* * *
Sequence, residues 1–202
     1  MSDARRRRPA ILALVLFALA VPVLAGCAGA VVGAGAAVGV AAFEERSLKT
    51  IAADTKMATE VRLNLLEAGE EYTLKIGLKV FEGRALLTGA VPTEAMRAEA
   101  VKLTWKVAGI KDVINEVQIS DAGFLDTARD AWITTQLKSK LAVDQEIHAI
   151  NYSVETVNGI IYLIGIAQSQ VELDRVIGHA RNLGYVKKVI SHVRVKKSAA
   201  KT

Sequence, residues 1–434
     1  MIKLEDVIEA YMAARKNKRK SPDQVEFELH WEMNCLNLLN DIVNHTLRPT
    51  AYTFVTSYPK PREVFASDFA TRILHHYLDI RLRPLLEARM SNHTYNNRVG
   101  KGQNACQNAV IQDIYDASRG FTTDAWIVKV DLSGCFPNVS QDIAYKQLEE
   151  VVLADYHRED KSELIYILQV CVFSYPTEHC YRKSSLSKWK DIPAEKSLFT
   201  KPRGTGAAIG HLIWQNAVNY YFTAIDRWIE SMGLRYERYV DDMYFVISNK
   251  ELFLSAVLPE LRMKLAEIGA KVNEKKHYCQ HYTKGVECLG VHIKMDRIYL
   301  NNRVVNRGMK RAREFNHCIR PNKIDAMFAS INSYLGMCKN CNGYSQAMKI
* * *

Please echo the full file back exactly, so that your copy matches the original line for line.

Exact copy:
Sequence, residues 1–202
     1  MSDARRRRPA ILALVLFALA VPVLAGCAGA VVGAGAAVGV AAFEERSLKT
    51  IAADTKMATE VRLNLLEAGE EYTLKIGLKV FEGRALLTGA VPTEAMRAEA
   101  VKLTWKVAGI KDVINEVQIS DAGFLDTARD AWITTQLKSK LAVDQEIHAI
   151  NYSVETVNGI IYLIGIAQSQ VELDRVIGHA RNLGYVKKVI SHVRVKKSAA
   201  KT

Sequence, residues 1–434
     1  MIKLEDVIEA YMAARKNKRK SPDQVEFELH WEMNCLNLLN DIVNHTLRPT
    51  AYTFVTSYPK PREVFASDFA TRILHHYLDI RLRPLLEARM SNHTYNNRVG
   101  KGQNACQNAV IQDIYDASRG FTTDAWIVKV DLSGCFPNVS QDIAYKQLEE
   151  VVLADYHRED KSELIYILQV CVFSYPTEHC YRKSSLSKWK DIPAEKSLFT
   201  KPRGTGAAIG HLIWQNAVNY YFTAIDRWIE SMGLRYERYV DDMYFVISNK
   251  ELFLSAVLPE LRMKLAEIGA KVNEKKHYCQ HYTKGVECLG VHIKMDRIYL
   301  NNRVVNRGMK RAREFNHCIR PNKIDAMFAS INSYLGMCKN CNGYSQAMKI